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Book by Assistant Professor Lara Salahi Sheds Light on Culture of Outbreak Response

Lara Salahi working at her computer.
Award-winning genetic researcher teams with tenacious award-winning journalist, and Outbreak Culture—a narrative that examines the behaviors during infectious disease outbreaks—is born.
10/24/2018

For Assistant Professor of Broadcast and Digital Journalism Lara Salahi, putting theory into practice is what teaching is all about.

A broadcast journalist herself, she’s worked at nearly every television network in Boston and as a regional field producer and reporter for national ABC News shows including Good Morning America and World News with David Muir. She was also part of the newsroom at the Boston Globe and its news site Boston.com which won the 2014 Pulitzer Prize for its coverage of the 2013 Boston Marathon Bombings.

“The principles of journalism are about accountability, transparency, truth-telling, truth-seeking, and the reason why it’s created is for the people,” Salahi shares. She explains that the responsibilities of journalists everywhere are “to hold people in power accountable and serve the public by conveying information as accurately as possible.”

She continues, “Part of our job is taking complex information, digesting it, and communicating it in a way that’s palpable and makes people feel a part of their community.”

She brings this expertise into the classroom and shapes her courses as closely to industry standards as possible. She gives students assignments she’d receive from an editor herself and is a stickler for deadlines, because that’s the way the industry operates.

“I cannot overstate the value of Endicott’s culture of experiential learning,” Salahi says. “I deeply appreciate and am deeply invested in this philosophy.”

She most recently applied her multimedia journalism skills to writing her first book, Outbreak Culture: The Ebola Crisis and the Next Epidemic, which she coauthored with Professor of Organismic and Evolutionary Biology and of Immunology and Infectious Diseases at Harvard University, Pardis Sabeti.

Outbreak Culture

Diagnostic labs at Kenema Government HospitalSalahi’s book is a work of narrative nonfiction and tells the story of the 2014 Ebola outbreak in West Africa while also speaking more broadly about the culture that emerges during an infectious disease outbreak response. Salahi and Sabeti shed light on how the Ebola response mirrored the types of responses we see in other infectious diseases including AIDS, SARS, and Influenza.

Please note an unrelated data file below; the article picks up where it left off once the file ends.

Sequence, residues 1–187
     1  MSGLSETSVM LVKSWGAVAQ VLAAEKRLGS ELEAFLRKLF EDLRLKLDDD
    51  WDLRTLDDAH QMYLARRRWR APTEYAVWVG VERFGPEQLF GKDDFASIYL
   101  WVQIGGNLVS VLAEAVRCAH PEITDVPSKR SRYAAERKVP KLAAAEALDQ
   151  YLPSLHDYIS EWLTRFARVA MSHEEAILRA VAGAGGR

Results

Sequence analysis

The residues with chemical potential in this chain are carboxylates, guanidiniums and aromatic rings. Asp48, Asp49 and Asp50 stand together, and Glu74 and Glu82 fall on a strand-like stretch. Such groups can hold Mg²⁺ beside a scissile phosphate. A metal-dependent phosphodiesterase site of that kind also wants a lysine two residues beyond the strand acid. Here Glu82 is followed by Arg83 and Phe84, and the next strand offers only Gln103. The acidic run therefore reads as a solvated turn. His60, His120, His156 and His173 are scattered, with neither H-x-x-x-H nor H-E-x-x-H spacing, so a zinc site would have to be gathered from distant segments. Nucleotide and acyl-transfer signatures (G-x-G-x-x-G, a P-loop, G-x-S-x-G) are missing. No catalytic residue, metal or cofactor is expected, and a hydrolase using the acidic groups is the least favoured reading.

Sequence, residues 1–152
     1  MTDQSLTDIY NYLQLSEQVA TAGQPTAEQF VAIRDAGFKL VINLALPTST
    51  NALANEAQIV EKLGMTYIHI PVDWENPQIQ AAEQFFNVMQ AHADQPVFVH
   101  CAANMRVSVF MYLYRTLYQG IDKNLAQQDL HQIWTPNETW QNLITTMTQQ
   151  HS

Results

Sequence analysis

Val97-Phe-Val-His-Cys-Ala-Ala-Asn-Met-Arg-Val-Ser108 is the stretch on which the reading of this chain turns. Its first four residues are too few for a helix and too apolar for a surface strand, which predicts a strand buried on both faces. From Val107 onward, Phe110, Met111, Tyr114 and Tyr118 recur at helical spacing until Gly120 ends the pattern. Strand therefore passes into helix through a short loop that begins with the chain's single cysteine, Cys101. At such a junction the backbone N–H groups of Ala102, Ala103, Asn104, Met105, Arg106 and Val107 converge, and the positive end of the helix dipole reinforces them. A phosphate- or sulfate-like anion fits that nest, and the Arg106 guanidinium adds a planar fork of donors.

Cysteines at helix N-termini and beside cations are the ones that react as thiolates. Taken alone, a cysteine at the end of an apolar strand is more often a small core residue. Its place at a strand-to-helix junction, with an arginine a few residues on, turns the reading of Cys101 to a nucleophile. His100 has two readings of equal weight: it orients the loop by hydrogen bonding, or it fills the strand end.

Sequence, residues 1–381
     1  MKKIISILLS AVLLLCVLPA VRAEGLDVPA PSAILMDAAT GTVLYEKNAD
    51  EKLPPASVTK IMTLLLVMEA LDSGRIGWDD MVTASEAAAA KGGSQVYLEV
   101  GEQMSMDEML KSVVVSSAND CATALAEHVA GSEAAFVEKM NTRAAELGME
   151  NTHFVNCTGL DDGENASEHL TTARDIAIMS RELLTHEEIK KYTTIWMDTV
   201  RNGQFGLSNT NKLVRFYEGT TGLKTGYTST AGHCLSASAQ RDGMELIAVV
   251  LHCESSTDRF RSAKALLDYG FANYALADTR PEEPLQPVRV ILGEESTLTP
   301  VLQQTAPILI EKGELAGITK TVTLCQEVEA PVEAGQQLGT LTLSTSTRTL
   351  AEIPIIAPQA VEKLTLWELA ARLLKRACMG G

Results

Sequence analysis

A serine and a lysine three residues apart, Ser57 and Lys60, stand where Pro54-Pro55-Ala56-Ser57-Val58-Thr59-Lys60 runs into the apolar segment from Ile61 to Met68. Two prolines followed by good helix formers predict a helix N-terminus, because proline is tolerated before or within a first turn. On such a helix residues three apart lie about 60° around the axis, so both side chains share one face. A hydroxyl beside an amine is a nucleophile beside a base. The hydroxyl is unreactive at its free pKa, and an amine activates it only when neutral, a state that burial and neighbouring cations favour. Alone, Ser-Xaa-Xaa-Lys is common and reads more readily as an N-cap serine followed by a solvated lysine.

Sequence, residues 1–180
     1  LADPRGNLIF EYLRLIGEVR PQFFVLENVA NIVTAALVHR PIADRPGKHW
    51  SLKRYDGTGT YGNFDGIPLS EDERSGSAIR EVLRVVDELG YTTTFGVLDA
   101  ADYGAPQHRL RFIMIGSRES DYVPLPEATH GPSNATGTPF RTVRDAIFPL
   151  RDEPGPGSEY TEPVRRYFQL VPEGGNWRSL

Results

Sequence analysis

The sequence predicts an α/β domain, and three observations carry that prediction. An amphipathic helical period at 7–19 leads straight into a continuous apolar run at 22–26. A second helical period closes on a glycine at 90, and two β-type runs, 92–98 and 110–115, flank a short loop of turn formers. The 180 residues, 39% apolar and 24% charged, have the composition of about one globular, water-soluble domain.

The book began as a project. Salahi was covering the Ebola outbreak at the time when a colleague introduced her to Sabeti who had a lab set up in Sierra Leone prior to the outbreak. “She shared her experiences with me, and I knew I had to investigate further,” Salahi says.

Salahi was compelled by Sabeti’s experience in the town of Kenema in Sierra Leone during the outbreak and the relationship she had with a prominent physician, Dr. Sheikh Humarr Khan. Khan died of Ebola—the type of disease he spent his life trying to save others from. “I thought, there is a larger story here,” says Salahi.

The pair ran a study which determined that many of the experiences Sabeti’s lab encountered—the politics, the indecision, the slow response times, the difficulty coordinating with multiple responding international agencies—was indicative of a larger culture surrounding infectious disease outbreaks. Their findings are published within the book.

Salahi says Ebola is the entry point in the book to defining a larger scale phenomenon they term “outbreak culture.” She says, “The book is not solely about the virus itself. There are pages in one chapter that describe what Ebola is. Everything else has to do with what happens around us, the way we respond to very intense pressures and situations, the human behavior aspect of what happens. The external factors are what fascinate me.”

Why this story & why now?

This year marks the 100th anniversary of the influenza pandemic—known to be the most severe pandemic in recent history. Salahi says, “There are signs pointing to the likelihood of another major pandemic within the next decade, and certainly within the next century. We just don’t know what the virus will be.”

She shares that the final chapter of the book outlines some guiding principles for what we need to be doing now to prepare for the next epidemic. “This is beyond Ebola. The problems that we are facing, many of which are manmade, can and must be solved before the next epidemic.”

Salahi is already beginning research for what she hopes will be her next major reporting project covering another large-scale epidemic.

Outbreak Culture: The Ebola Crisis and the Next Epidemic will publish in November and currently available for pre-order at all major booksellers including Amazon and through its publisher Harvard University Press.

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